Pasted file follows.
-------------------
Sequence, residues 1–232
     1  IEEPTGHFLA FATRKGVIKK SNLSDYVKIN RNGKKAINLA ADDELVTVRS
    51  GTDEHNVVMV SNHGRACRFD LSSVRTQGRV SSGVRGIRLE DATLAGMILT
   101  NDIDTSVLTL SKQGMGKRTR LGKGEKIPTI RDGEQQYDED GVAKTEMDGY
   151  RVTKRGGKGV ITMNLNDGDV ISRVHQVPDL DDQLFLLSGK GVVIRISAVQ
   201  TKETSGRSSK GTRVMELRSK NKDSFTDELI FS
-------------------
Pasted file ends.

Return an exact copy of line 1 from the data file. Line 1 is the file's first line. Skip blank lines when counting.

Sequence, residues 1–232